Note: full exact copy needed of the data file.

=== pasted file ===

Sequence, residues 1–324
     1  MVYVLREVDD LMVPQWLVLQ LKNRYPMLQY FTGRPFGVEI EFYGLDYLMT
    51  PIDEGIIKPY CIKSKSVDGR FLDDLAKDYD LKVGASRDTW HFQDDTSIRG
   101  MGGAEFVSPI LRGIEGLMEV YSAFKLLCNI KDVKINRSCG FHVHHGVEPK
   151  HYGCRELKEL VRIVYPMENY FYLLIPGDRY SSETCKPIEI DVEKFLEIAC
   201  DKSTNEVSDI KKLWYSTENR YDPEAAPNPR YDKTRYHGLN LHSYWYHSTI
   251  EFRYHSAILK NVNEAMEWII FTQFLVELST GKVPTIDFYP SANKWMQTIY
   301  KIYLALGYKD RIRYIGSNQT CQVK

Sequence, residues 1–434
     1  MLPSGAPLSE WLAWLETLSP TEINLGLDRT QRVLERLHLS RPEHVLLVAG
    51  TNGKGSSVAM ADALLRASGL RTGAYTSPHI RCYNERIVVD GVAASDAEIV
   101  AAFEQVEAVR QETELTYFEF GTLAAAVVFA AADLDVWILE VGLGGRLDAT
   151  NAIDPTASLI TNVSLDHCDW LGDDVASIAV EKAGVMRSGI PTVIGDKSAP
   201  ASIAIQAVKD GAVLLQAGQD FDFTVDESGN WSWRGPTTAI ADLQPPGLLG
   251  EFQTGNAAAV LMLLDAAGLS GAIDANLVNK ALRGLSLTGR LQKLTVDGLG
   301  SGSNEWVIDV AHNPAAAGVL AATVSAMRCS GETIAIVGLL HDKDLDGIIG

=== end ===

Sequence, residues 1–324
     1  MVYVLREVDD LMVPQWLVLQ LKNRYPMLQY FTGRPFGVEI EFYGLDYLMT
    51  PIDEGIIKPY CIKSKSVDGR FLDDLAKDYD LKVGASRDTW HFQDDTSIRG
   101  MGGAEFVSPI LRGIEGLMEV YSAFKLLCNI KDVKINRSCG FHVHHGVEPK
   151  HYGCRELKEL VRIVYPMENY FYLLIPGDRY SSETCKPIEI DVEKFLEIAC
   201  DKSTNEVSDI KKLWYSTENR YDPEAAPNPR YDKTRYHGLN LHSYWYHSTI
   251  EFRYHSAILK NVNEAMEWII FTQFLVELST GKVPTIDFYP SANKWMQTIY
   301  KIYLALGYKD RIRYIGSNQT CQVK

Sequence, residues 1–434
     1  MLPSGAPLSE WLAWLETLSP TEINLGLDRT QRVLERLHLS RPEHVLLVAG
    51  TNGKGSSVAM ADALLRASGL RTGAYTSPHI RCYNERIVVD GVAASDAEIV
   101  AAFEQVEAVR QETELTYFEF GTLAAAVVFA AADLDVWILE VGLGGRLDAT
   151  NAIDPTASLI TNVSLDHCDW LGDDVASIAV EKAGVMRSGI PTVIGDKSAP
   201  ASIAIQAVKD GAVLLQAGQD FDFTVDESGN WSWRGPTTAI ADLQPPGLLG
   251  EFQTGNAAAV LMLLDAAGLS GAIDANLVNK ALRGLSLTGR LQKLTVDGLG
   301  SGSNEWVIDV AHNPAAAGVL AATVSAMRCS GETIAIVGLL HDKDLDGIIG